After a decade as state superintendent of education and more than 30 years of service in state government, Cecil Picard announced his retirement last week. Picard, who was diagnosed with amyotrophic lateral sclerosis ' more commonly known as Lou Gehrig's Disease ' in May of last year, cited his deteriorating health in deciding to step down from the state's top education post.
"I told Gov. Blanco and my staff that my plan was to work through the end of her first term as long as my health allowed me to," Picard said. "Unfortunately, I feel as thought my energy and focus is beginning to wane and both are needed to fully implement our vision for educational improvement."
Picard's retirement will become effective May 1, 2007. In the meantime, the state Board of Elementary and Secondary Education will be charged with finding Picard's successor.
A native of Maurice, the 68-year-old Picard, who now resides in Lafayette, began his career following in the footsteps of his father, working as a teacher, coach and principal at Maurice High School. In 1975, he was elected to the state House of Representatives, and moved up to the state Senate in 1979. A champion of education reform in the Legislature, Picard was named state Superintendent of Education in 1996. As superintendent, he is credited with spearheading the state's Accountability Program and the LA 4 Pre-K program, both of which have been recognized nationally as model programs. Over the past year, Picard also helped oversee the massive recovery assistance to public schools in the wake of hurricanes Katrina and Rita.
"Life has an interesting way of pushing you toward your destiny," Picard said. "When I was growing up I knew one thing for sure ' I did not want to follow in my dad's footsteps and become a principal and coach. But I soon found that I was a good teacher and a good principal and a good coach ' I was passionate about it. Those experiences in the classroom laid a foundation for me, but I knew if I wanted to make a real difference I would have to influence educational policy at a state level, so I ran for the House and the rest is history. I hope that I've made a difference. I think I have."' Nathan Stubbs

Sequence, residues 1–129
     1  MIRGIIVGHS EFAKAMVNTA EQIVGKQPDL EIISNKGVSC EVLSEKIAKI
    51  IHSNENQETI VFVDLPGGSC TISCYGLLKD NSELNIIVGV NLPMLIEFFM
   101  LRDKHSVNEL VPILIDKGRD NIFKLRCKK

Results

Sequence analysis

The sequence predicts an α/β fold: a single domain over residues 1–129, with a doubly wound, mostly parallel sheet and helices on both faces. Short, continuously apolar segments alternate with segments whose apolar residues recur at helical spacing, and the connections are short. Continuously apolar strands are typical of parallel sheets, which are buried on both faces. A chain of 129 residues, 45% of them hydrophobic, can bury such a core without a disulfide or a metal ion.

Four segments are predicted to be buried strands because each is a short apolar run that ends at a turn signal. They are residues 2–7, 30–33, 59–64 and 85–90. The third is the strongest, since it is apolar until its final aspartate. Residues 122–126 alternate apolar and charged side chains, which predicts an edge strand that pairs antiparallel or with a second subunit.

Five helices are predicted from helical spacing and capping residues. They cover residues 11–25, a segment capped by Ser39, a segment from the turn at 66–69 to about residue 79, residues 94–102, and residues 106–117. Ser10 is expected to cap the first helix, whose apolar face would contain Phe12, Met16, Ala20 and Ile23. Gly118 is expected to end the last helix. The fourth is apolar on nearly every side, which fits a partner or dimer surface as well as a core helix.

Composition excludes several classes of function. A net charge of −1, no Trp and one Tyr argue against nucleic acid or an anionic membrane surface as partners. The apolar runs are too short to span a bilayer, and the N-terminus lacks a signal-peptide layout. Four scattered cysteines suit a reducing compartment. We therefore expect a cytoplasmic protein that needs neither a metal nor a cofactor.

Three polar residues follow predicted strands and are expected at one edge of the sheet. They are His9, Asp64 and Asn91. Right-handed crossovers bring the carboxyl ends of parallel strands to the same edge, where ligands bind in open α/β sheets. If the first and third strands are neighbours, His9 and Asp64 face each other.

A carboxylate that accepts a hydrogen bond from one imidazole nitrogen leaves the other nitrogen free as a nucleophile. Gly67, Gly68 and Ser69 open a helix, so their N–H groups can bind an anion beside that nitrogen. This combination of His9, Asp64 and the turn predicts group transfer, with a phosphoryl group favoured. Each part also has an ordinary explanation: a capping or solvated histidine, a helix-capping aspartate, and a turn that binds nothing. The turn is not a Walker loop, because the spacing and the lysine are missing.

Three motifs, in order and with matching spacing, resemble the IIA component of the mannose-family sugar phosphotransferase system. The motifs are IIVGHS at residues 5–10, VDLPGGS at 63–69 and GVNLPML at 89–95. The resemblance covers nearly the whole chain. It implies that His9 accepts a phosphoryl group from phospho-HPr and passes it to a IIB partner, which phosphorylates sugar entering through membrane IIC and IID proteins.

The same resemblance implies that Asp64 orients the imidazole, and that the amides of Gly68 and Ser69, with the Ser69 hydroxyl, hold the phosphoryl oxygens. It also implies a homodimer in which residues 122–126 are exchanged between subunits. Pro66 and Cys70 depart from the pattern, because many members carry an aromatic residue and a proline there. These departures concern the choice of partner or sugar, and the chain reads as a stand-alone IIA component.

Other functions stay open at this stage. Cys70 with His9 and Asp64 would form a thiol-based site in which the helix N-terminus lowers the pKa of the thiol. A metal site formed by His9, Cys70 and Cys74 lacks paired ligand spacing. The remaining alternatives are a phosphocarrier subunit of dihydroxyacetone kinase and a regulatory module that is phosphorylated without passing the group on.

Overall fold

FEMA SQUANDERS $1 BILLION
FEMA continues to bewilder Louisianians with bureaucratic blunders. Last week, the federal Government Accountability Office issued a report on FEMA's massive mismanagement, outlining $1 billion in disaster aid waste. GAO investigator Gregory Kutz said, "Our estimate of $1 billion in improper and/or fraudulent payments is likely understated." The agency's findings detailed bogus rental payments, duplicated aid and a multitude of puzzling mishaps. For example, FEMA purchased 20 flat-bottom boats but lost two of them and did not have titles to the other 18 boats. ' NS
ATTORNEY GENERAL UPHOLDS NEW SCALPING LAW
The final step in Louisiana's push to legalize online ticket scalping for concerts and sporting events came last week when the Attorney General's Office released an opinion siding with a decision already made by the Legislature and Gov. Kathleen Blanco. The opinion allows any "legitimate holder of tickets" to sell their tickets over the Internet as long as the letter of the new law is followed. So you can sell those Britney Spears tickets for $100 over the ticket price as long as the event organizer doesn't object and the transaction takes place on a Web site that offers full refunds if Britney or your home team is a no-show. The New Orleans Saints have already launched their own ticket exchange program where buyers are charged with a 10 percent transaction fee while sellers are charged 15 percent. ' Jeremy Alford